AT SIXTEEN I THRASH IN SERIAL TRANSPORTATION AND THE BLEAK APARTMENTS OF FRIENDS’ OLDER BROTHERS. A road trip to San Francisco to see Prince perform from the Controversy album. Morris Day and the Time are the opening act. The audience is 99 percent African American, and dressed to the nines. Dancing with arms thrown up; we’re in church. Our minister preaches: I’ll Jack U Off! In May, I have my first gay sex. We warm up with vodka, orange juice, and his collection of every David Bowie video he recorded off Friday Night Videos. FNV is an hour-long program that airs weekly at midnight . . . pre-MTV (which will air for the first time this year). Not being used to alcohol, part way through I have to run from the bedroom to the toilet to heave. Unable to find anyone to go with me, I take a Greyhound bus to see The Talking Heads at the same venue where Prince played: the San Francisco Civic Center Auditorium. Afterwards, I go to City Lights Bookstore and spot Jim Carroll in the basement. He’s the author of The Basketball Diaries, which I haven’t read yet, and the song "The People Who Died," which I’ve listened to over and over. I’m too shy to say hello. We hitchhike to Berkeley to see a second-run screening of Rock and Roll High School, and then crash a dorm party to dance to Oingo Boingo and the B52s. In Sacramento I do poppers with straight stoners on a dirty brown carpet. An Iggy Pop poster is pinned to a textured wall, and Pink Floyd is on the turntable. I'm transported to a future past, and it feels like crystals are growing up out of my brain. What are these amazing sounds? The album is called My Life in the Bush of Ghosts. It's a double-barrel evening, because later that same night I read an article in The New York Times which also blows my mind, though in a much darker way. The story is about a rare cancer that is rapidly killing homosexual men.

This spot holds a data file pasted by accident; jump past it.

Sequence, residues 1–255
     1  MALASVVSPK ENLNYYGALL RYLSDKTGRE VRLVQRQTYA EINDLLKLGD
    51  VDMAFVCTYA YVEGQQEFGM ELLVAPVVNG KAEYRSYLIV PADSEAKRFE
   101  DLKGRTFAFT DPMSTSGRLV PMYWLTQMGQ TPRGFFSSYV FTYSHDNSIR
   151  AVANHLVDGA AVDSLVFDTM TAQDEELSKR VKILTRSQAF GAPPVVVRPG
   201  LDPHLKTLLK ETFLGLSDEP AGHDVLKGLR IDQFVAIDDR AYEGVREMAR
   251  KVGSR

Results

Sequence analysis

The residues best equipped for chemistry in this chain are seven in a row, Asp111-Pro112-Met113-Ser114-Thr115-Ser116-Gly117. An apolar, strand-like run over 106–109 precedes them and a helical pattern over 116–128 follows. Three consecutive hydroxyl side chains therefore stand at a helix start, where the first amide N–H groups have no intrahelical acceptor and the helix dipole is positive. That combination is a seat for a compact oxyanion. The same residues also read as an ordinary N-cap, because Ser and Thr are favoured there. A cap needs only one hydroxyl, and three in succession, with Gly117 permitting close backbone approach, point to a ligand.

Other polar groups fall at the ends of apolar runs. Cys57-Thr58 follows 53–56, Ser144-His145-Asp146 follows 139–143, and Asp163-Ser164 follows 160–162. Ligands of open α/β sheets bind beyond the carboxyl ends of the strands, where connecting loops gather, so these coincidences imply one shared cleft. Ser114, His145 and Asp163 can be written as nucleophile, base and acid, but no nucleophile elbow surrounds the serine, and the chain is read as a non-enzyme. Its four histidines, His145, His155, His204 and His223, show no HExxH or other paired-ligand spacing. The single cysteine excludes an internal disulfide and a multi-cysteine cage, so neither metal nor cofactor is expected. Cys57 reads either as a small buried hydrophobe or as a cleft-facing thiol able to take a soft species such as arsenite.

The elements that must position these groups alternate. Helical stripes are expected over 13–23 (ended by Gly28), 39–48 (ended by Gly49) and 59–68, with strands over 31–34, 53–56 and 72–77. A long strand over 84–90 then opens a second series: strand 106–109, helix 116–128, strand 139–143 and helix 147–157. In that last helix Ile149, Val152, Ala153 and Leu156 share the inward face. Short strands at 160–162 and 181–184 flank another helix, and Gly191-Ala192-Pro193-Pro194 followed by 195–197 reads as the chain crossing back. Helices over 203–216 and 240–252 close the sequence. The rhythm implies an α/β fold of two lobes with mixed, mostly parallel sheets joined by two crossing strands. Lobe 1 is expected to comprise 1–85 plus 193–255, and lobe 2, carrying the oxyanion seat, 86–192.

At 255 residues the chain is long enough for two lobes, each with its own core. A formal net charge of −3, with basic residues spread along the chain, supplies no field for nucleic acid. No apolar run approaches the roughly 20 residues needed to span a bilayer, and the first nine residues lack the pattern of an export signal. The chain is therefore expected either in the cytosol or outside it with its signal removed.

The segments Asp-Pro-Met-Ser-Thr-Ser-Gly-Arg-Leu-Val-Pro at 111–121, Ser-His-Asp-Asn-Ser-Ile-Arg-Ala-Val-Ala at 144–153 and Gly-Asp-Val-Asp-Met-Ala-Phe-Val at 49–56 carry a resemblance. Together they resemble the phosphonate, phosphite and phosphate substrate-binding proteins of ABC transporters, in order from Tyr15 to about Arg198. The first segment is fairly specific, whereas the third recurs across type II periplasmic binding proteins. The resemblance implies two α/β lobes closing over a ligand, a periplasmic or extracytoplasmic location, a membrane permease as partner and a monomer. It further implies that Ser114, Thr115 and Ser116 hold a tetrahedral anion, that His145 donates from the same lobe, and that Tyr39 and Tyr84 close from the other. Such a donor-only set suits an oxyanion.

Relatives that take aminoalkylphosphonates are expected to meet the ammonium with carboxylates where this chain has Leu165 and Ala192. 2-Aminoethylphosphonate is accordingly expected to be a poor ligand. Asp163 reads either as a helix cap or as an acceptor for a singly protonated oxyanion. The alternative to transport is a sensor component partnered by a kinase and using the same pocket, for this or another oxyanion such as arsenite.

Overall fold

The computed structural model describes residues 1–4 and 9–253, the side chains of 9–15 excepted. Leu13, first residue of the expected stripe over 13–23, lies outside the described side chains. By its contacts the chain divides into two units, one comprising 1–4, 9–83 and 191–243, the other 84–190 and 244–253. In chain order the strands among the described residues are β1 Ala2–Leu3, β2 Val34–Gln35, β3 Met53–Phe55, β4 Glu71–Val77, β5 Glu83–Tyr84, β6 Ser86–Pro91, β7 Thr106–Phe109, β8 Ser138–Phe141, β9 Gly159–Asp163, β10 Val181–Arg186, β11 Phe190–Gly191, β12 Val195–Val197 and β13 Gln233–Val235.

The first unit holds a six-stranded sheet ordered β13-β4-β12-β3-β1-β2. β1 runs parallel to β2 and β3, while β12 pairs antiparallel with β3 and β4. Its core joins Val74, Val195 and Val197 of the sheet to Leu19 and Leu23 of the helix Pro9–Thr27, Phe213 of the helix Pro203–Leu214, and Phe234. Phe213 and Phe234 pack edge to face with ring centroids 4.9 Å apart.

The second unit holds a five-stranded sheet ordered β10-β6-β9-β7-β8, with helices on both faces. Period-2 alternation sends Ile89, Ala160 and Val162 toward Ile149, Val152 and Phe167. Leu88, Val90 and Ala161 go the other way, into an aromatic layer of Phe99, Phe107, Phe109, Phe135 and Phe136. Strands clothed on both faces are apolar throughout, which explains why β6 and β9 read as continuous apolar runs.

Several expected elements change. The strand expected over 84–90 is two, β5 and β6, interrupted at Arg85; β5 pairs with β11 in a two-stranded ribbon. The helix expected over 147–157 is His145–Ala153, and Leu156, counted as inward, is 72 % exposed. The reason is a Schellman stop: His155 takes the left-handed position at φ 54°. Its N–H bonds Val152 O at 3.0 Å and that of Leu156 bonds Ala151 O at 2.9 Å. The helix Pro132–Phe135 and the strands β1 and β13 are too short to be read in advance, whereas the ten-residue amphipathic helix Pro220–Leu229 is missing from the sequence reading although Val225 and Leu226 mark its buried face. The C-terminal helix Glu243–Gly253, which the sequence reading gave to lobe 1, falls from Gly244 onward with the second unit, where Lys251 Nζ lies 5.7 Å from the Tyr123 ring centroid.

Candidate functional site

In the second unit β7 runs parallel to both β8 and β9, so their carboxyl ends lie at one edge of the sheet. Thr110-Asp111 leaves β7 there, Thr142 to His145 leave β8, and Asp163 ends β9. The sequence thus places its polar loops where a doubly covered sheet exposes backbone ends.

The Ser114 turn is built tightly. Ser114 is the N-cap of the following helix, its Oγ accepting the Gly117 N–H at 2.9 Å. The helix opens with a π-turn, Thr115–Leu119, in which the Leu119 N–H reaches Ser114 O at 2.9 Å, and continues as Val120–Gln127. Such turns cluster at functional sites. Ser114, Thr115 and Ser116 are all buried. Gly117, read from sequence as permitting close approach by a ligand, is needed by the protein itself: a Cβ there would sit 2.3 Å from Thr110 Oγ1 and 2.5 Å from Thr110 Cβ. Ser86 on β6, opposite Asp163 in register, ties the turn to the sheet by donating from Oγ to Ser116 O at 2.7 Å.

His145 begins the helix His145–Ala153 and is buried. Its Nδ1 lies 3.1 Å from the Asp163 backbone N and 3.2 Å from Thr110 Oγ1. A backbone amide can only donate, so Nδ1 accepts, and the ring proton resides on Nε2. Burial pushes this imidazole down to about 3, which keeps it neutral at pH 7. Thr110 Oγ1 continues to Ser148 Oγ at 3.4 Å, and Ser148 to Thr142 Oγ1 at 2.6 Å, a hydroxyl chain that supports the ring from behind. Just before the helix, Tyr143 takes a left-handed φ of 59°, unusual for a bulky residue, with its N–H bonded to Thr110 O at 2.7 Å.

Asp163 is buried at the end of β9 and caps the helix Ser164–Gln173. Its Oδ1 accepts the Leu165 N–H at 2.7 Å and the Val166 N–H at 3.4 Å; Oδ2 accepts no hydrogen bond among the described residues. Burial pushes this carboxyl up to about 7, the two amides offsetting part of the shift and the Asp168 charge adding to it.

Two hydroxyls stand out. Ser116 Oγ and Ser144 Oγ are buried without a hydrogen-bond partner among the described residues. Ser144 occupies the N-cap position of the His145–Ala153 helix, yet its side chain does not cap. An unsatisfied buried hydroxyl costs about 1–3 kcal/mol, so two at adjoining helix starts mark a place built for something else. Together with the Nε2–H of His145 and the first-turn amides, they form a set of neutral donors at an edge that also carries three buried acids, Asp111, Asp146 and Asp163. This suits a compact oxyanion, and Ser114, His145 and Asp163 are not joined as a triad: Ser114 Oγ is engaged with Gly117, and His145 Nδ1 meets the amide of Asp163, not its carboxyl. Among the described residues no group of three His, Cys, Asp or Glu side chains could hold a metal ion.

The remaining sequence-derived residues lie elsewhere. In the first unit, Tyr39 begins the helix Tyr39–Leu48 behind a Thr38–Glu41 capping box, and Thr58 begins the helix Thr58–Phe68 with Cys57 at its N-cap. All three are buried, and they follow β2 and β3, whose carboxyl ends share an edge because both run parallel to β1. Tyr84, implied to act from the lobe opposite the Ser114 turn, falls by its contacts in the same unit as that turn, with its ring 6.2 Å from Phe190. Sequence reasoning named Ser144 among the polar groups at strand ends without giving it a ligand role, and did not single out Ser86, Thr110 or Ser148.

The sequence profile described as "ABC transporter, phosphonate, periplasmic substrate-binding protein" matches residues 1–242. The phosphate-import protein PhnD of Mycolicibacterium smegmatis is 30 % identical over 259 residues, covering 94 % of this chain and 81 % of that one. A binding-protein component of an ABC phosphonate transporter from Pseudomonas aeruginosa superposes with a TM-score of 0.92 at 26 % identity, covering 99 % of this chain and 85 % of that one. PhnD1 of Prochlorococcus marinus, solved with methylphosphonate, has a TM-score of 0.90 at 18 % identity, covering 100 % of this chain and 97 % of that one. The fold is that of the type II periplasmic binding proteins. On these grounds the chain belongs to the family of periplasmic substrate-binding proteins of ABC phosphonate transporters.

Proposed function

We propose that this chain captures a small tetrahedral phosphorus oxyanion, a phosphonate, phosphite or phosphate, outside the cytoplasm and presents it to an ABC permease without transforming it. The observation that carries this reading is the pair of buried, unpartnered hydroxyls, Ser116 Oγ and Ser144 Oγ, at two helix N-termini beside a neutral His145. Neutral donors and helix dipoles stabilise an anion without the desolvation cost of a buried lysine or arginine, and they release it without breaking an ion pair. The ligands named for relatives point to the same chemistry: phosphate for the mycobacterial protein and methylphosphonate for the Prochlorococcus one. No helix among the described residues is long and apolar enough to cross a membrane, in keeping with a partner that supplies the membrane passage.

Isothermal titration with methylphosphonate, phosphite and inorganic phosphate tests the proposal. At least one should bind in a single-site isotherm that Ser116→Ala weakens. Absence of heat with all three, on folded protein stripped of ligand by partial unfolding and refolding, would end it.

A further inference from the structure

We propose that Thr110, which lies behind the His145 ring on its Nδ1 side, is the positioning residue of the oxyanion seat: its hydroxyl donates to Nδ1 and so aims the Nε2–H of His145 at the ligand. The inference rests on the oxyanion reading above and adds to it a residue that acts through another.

David Lynch’s The Elephant Man just opened at the Stockton Royal movie theater. Because you are a cool kid, and know about these things, you tell me that David Bowie played the part on stage. We love Bowie. We play your new Scary Monsters album as often as we can get away with it whenever I visit you at your home. When asked about his directorial styling, David Lynch has more than once quoted the Beach Boys, saying, “Be true to your school.” In 1968 Charles Manson and his followers moved from San Francisco down to LA. There, while hitchhiking, a couple of the Manson girls met Beach Boy Dennis Wilson. Wilson took them to his home, and then went to the recording studio. When he returned at three p.m., the entire family had moved into his home. There were roughly a dozen, mostly women, and this small, charismatic, bearded man named Charlie. Later Charlie and the girls would move to their most famous residence, a dilapidated western movie set called Spahn Ranch.
Bowie appears on Saturday Night Live flanked by two aliens. They send waves to the chip implanted under my scalp. That was last night, today we’re in a Chinese-American restaurant that has the shady comfort of a dive bar, and a lot of Beach Boy songs on the jukebox. Wild Honey was on a moment ago, and is stuck in my head now. Likewise, one of the monologues from the play Kennedy’s Children has resurfaced from the Stockton Community Theater production that ran last April: my first set design, in what I think will be a career path. This is my brain on a Sunday: rummaging through nostalgia’s yard sale, staring without thought at the same items over and over, with no intentions of buying.
Five questions to SFMOMA artists, staff, or guests. Today I spoke with Ann Magnuson, artist, singer, performer extraordinaire. She will ... More